Monday, 11 February 2019

How to Choose Champagne

Never buy sparkling wine which is being sold as 'champagne déclassé' (unclassified champagne), 'hors quantum' (over quota) or 'jeunes vignes' (young vines) as these are indications of fraud. Real champagne must mention on the label the appellation Champagne, as well as the sugar content, the name of the winemaker and their professional registration number.

This good value good quality champagne is not dosed with sugar at disgorging.
A good value good quality champagne that isn't dosed with sugar at disgorging. Photo taken by Susan of Loire Valley Time Travel.

Champagne is a wine created at the end of the 17th century, when the fermenting grape juice made bubbles. The quality depends on the cru (area where the vines grow), cépage (grape variety) and the millésime (vintage). Only five départements (counties) are allowed to produce champagne -- Marne, Aube, Haute-Marne, Aisne and Seine-et-Marne. Seven grape varieties may be used -- Chardonnay, Pinot Noir, Pinot Meunier, Arbane, Petit Meslier, Pinot Blanc and Pinot Gris.

The word champagne must appear both on the label and the cork. A description of the sugar content (extra-brut, brut, sec, demi-sec or doux) must appear on the label. The winemakers name and municipality must also appear.

Label showing winemaker's name and municipality, mention of champagne, vintage (in this case referred to as 'vendange' ie 'harvest'), and middle bottom is the professional reference code number.
Details of the requirements to mention winemaker, location, vintage, sugar levels and professional reference code number on champagne labels. Photo taken by Susan from Loire Valley Time Travel.

There must be a two letter code followed by a champagne professional reference number. The letters stand for various things as follows:

MA -- marque d'acheteur. Buyers brand, often a distributor such as a supermarket who works with several champagne growers but sell the wine under their own brand.

CM -- coopérative de manipulation. Wine produced in a co-operative. The grapes are supplied by several vineyards who are members of the co-operative, then made and marketed by the co-operative.

RC -- récoltant coopérateur. Wine made from grapes grown by a member of a co-operative. The co-operative make the wine, but the winegrower then takes his share and markets it himself.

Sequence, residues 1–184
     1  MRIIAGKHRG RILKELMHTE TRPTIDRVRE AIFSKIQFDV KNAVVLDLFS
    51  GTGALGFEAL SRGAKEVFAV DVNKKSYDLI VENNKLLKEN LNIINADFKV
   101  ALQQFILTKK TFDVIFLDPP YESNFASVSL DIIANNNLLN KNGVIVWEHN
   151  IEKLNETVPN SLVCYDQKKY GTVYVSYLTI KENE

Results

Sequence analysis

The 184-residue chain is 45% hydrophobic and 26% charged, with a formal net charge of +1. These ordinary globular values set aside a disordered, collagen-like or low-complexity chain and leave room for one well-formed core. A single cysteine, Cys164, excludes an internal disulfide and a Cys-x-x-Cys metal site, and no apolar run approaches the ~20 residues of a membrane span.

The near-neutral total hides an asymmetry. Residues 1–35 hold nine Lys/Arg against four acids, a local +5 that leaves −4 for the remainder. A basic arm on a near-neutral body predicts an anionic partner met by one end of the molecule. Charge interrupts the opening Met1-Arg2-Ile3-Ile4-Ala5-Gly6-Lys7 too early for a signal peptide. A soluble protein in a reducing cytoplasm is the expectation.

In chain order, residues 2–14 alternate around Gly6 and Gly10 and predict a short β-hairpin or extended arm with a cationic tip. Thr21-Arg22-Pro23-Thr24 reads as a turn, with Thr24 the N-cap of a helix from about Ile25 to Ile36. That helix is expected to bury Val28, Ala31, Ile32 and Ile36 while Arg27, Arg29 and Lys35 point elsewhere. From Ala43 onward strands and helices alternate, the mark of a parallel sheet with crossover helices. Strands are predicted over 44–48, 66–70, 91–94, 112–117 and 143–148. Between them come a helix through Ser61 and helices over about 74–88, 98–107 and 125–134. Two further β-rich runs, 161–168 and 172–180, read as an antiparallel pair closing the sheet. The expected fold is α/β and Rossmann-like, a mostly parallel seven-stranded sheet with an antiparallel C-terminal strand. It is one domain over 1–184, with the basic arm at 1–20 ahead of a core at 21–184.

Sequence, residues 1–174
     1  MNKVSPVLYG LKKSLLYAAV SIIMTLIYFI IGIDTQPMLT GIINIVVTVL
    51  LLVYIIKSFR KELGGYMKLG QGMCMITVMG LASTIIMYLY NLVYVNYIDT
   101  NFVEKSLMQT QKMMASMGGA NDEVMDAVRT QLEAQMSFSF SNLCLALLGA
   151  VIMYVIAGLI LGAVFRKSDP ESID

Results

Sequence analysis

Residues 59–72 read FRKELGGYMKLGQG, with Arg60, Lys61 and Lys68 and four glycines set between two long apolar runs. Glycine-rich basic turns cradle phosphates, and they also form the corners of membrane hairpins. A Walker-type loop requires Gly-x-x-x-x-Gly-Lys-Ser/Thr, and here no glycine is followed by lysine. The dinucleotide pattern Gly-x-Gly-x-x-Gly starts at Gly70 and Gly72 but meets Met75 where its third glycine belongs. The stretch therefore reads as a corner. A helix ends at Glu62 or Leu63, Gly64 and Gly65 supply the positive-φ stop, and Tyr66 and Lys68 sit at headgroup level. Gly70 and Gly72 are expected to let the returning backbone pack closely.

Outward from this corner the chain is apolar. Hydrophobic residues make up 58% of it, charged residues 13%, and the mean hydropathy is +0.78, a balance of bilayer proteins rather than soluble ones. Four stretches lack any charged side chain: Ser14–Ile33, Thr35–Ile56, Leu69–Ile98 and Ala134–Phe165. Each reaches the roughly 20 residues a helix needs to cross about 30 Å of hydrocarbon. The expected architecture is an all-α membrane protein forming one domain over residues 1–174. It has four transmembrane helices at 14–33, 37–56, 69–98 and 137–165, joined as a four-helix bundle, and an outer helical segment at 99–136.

RM -- récoltant manipulant. Wine  grown, produced and marketed by an individual independent winemaker.

SR -- société de récoltants. A group of winemakers, often an extended family, who own multiple wineries but make and market the wine together.

NM -- négotiant manipulant. A wine merchant who buys grapes or wine and oversees the production at their own winery but then markets under their own brand. The big name champagne houses all belong to this category.

When you've chosen your champagne you can keep it for a couple of years, even if it's not really suitable for long cellaring. If you are storing champagne it is important to lay the bottle horizontal in a cool place with high humidity, protected from light, noise and vibrations.

A very well known, popular and widely available champagne.
Veuve Cliquot is a popular and widely available champagne brand. Photo taken by Susan from Loire Valley Time Travel.

Ahem...of course, if you live in the Loire Valley, you don't choose champagne at all. You drink sparkling Vouvray (and save your money without compromising quality).


For details of our private guided tours of chateaux, gardens, wineries, markets and more please visit the Loire Valley Time Travel website. We would be delighted to design a tour for you.


chm said...

In 2011, if I recall correctly, Ken and I stopped in Mareuil-sur-Ay. I can't remember in he bought some champagne there. Even though bubbles are not "my cup of wine", I found this post very informative. I wonder if those regulations apply to non bubbly wine as well.

Susan said...

No, champagne regs are different to everything else.

Ken Broadhurst said...

It's funny, I don't really like bubbles in my wine either. They give me a headache. But I did buy some champagne when CHM and I were in Mareuil-sur-Ay. Walt loves it. The only champagne I like is called blanc de blancs — made using pure Chardonnay juice. Most champagne is made from a blend of juices from different grapes, so blanc de blancs is distinctive. It's a little like bubbly Vouvray in that sense — just one grape varietal is used to make it. There's a whole sub-region in Champagne called La Côte des Blancs where a lot of Chardonnay is grown. Some champagne houses also make blanc de noirs (pure Pinot Noir juice). Otherwise, champagne is a blend or assemblage of juices from different grapes.

Susan said...

Yes, blanc de blancs is always marketed as being a cut above the reset. Champagne generally is a blend, not only of different grape varieties, but different vintages. The aim is for a consistent product year after year so the consumer knows what to expect. In that respect, Vouvray is a more sophisticated product as far as the consumer is concerned, as it is always a single vintage, so you have to know good years and poor years in order to get something exceptional.

Le Pré de la Forge said...

Susan.... which is why Vouvray is a cut above champagne... the overpriced, overbubbly, supersold stuff that is.... I've never tried "blanc de blancs" champers.... but that sounds closer to Vouvray in quality!
I have had headaches after half a bottle of champers, due to excess CO2 most probably [keg lagers and beers do that to me, too]... but never from half a bottle of Vouvray!!

Susan said...

I agree, Vouvray is generally better value for money but harder to market.

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